Providence Boat Ride Under Fire

Offered without commentary:

About Curt Varone

Curt Varone has over 40 years of fire service experience and 30 as a practicing attorney licensed in both Rhode Island and Maine. His background includes 29 years as a career firefighter in Providence (retiring as a Deputy Assistant Chief), as well as volunteer and paid on call experience. He is the author of two books: Legal Considerations for Fire and Emergency Services, (2006, 2nd ed. 2011, 3rd ed. 2014) and Fire Officer's Legal Handbook (2007), and is a contributing editor for Firehouse Magazine writing the Fire Law column.
  • Cozmosis

    Once upon a time, journalists used to be thinking people. Now, too many seem to run with press releases and treat them as fact. I know very little about the City of Providence and couldn’t pick out any of the involved parties from a line-up. I can tell you this is all political posturing and the “I-team” should find a better rabbit to chase.
    As long as the fire boat was not kept from performing its duty, I don’t see any issue whatsoever here. It sounds like they were in the water for standby and had something gone wrong with the fireworks, having visitors on the boat would not have kept them from going to work. It reminds me of an Alan Brunacini story. After watching a Phoenix engine company give an old lady a ride home in the rain, a friend asked Brunacini, “what happens if they get a fire?” The chief responded, “then she’s going to a fire, too.”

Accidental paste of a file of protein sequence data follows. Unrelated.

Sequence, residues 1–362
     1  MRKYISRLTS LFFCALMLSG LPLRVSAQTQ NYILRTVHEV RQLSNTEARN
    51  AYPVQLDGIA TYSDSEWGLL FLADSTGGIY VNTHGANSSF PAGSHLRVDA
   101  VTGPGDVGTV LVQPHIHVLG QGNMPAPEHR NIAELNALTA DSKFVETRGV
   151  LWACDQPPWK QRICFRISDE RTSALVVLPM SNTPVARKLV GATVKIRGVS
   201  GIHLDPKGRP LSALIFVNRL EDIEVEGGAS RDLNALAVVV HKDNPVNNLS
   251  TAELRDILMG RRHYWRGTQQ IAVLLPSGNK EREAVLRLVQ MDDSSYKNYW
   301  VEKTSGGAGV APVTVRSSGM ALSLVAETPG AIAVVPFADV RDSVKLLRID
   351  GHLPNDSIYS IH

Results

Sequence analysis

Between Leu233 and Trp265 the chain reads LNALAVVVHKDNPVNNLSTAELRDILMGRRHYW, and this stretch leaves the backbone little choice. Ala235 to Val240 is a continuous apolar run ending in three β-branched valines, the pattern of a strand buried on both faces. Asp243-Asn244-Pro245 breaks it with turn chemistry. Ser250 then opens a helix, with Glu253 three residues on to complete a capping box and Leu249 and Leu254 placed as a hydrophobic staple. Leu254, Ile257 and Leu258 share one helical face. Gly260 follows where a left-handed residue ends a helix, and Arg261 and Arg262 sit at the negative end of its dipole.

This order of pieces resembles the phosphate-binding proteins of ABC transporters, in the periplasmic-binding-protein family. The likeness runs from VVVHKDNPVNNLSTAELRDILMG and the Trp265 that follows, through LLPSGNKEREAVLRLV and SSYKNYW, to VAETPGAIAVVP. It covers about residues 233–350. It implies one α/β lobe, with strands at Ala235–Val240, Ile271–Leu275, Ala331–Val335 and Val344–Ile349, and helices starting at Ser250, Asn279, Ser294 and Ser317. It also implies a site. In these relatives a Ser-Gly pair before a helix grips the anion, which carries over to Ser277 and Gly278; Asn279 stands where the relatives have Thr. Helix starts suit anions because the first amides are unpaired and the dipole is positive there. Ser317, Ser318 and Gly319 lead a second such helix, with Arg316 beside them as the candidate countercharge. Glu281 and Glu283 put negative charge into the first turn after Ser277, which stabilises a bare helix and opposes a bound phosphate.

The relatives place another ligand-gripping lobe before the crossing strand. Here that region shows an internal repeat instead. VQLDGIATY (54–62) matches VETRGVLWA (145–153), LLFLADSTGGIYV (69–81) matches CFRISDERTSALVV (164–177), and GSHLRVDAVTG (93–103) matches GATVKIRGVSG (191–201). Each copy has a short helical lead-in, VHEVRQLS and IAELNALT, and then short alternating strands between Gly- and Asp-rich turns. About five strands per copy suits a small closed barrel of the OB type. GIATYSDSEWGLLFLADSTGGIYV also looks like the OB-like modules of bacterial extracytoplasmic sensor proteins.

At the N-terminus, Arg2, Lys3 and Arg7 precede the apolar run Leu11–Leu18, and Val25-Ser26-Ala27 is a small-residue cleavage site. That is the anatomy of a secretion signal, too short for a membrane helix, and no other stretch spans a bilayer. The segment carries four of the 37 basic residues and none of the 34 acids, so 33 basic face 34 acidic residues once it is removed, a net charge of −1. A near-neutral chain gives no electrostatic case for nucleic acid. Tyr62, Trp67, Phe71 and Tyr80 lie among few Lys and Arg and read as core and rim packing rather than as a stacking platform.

As for the fire chief and his wife on board… He’s the fire chief. That boat is under his command (indirectly) 24/7. He can ride it if he wants to and he can authorize ride-alongs if he wants to. That’s the perk of being the chief.

  • Thanks Cosmosis
    Good common sense evaluation. I appreciate you taking the time to write.


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